In accepting chairmanship he-
said, "The effort through mass
media and many organizations to
motivate the study of Holy Scrip-
ture is of great importance in
applying the wisdom of the ages
to the building of a more just and
humane society today."
National Bible Week is Nov. 21-
Cooperating with the Lay-
men's Committee in sponsoring
Bible Week are the American
Bible Society, the U.S. Catholic


Federation for the Biblical Apos-
tolate (newly formed by the U.S.
Catholic Conference), the Greek
Orthodox Archdiocese's Depart-
ment of the Laity and the Jew-
ish Committee for National
Bible Week.
National Bible Week was foun-
ded by the Laymen's National
Bible Committee in 1941, its in-
augural radio broadcast being in-
terrupted with the news that
Pearl Harbor had been bombed.
Although it has been largely a
mass media campaign, many
civic, religious and youth organ-
izations, libraries and book stores,
mayors and governors participate
in its observance. It is now held
during Thanksgiving week to co-
incide with America's only non-
sectarian/religious holiday.
The 1971 Bible Week media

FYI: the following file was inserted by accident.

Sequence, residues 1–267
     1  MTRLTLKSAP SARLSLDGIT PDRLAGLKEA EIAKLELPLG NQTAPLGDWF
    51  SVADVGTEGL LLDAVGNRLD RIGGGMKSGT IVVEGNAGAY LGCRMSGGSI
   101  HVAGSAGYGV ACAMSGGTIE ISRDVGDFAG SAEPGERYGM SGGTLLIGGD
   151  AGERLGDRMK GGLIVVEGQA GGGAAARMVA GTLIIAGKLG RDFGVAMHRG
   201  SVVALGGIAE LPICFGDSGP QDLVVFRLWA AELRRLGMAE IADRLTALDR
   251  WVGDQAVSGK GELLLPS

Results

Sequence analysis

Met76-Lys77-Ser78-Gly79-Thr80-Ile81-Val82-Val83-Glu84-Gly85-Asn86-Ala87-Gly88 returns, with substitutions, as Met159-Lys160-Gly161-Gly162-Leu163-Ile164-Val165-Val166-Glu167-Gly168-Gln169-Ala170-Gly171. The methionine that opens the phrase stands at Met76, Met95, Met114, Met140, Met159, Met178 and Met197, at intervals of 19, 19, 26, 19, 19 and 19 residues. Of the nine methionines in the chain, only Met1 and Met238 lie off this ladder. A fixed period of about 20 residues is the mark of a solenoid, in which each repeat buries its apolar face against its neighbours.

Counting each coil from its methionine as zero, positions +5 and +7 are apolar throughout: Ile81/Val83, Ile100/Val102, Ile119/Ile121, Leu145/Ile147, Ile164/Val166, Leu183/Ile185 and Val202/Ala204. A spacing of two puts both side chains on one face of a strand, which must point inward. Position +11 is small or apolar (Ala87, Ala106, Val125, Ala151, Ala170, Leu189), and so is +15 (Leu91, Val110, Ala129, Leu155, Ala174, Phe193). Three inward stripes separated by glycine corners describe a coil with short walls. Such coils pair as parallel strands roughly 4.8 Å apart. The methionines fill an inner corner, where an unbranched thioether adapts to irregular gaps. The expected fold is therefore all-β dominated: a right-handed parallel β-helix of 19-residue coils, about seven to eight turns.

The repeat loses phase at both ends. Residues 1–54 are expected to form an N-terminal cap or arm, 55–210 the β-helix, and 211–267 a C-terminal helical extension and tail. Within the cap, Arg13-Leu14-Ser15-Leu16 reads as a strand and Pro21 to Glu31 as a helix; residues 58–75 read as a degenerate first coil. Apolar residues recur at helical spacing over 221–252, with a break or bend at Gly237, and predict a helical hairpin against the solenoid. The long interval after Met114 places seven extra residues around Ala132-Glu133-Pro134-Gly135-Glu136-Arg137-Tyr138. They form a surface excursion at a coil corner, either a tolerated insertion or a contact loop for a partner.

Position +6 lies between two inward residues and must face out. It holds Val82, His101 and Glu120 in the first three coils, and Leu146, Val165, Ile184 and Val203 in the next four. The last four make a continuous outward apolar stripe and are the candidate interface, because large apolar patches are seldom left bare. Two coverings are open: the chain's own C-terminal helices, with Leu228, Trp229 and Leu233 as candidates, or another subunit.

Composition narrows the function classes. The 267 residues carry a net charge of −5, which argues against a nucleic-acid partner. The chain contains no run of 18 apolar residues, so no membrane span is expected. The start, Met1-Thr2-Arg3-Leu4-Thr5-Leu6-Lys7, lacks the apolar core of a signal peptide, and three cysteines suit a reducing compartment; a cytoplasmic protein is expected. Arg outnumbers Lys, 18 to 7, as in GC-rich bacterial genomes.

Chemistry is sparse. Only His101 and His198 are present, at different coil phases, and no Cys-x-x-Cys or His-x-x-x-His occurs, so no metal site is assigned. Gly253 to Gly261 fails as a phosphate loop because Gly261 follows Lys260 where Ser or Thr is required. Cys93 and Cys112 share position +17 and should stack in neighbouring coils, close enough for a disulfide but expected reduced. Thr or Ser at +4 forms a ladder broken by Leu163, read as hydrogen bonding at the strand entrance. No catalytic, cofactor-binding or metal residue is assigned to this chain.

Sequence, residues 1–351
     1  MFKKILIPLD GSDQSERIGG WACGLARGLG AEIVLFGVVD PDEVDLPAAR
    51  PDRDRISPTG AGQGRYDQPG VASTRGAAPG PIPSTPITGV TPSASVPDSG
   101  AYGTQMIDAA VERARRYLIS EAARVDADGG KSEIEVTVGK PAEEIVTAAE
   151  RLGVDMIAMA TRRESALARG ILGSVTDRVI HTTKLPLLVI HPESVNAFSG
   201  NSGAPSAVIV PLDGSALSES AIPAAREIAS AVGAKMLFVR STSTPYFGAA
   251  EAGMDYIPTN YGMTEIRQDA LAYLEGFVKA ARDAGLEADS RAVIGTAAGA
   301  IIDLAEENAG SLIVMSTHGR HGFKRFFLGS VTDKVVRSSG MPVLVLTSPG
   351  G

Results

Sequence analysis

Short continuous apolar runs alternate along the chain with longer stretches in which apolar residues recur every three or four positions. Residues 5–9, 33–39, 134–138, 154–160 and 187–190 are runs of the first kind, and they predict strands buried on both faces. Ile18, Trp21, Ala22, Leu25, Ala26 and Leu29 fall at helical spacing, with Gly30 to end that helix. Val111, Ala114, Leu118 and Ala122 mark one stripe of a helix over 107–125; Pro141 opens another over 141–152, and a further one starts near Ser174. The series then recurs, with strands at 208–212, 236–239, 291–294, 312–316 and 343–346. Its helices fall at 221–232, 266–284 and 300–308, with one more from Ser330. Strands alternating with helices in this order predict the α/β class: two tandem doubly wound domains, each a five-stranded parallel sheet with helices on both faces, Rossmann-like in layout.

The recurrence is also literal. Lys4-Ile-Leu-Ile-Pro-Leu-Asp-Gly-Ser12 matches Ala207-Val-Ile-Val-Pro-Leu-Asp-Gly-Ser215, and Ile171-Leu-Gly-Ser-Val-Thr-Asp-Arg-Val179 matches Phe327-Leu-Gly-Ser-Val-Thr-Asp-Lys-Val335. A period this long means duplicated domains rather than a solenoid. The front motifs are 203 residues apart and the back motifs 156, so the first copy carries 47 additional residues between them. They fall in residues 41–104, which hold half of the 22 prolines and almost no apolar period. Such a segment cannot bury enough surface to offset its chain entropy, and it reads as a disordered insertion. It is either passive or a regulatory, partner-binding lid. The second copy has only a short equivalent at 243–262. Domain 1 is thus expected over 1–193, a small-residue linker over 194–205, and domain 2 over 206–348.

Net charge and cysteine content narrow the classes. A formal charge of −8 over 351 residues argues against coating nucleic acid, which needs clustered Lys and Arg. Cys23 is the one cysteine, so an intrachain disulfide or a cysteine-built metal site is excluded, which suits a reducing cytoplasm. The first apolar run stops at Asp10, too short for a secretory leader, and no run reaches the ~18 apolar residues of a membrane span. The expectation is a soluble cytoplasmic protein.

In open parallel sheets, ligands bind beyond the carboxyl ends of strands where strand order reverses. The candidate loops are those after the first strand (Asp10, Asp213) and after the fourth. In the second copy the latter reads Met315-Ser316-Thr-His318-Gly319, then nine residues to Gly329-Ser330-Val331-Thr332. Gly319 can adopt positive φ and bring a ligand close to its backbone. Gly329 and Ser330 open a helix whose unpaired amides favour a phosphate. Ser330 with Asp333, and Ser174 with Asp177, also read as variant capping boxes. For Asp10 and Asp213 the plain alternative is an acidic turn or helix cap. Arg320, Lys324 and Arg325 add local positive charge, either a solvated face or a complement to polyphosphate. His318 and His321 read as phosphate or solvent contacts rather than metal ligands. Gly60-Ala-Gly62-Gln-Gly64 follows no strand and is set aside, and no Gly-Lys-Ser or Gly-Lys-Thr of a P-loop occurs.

campaign again will be directed
to youth.

Detroit Zionist-Center Trade Fair
Draws Notice to Israel's Exports

Attention is drawn to Israel's exports by the Trade Fair sponsored
That admiration can best be shared in
these drawings reproduced from the 100 in the by the Detroit Zionist Federation and the Jewish Community Center,
to commence on April 24.
new JPS book.
From Brit Ivrit Olamit comes this Hebrew column about "Israeli
Export." The column. in a translation from the Hebrew reads:
Israeli goods "Made in Israel" can be purchased in all parts of the
world. In many places there is a special demand for foods from Israel.
The goods go a long way, from the factory in Israel until the store in
Europe, the Far East or Africa. This long route is accompanied by
many problems. It is necessary to pack the goods in a nice form, so
that it will attract the eye, it must be sent by sea, or air, so as to
reach the market in due time. Israeli cargoes must be well cared for,
so as to reach their destination unharmed.
These problems are common to all merchandiSe sold for export,
although it is understood that there are special problems in all forms
of merchandise.
How great would the labor of each exporter and how large would
be his expense, if each one alone would have to solve the problems
connected with selling his goods in foreign lands.
In order to ease the difficulties and improve the systems of export
and all arrangements connected with it, the "Israeli Export Institute"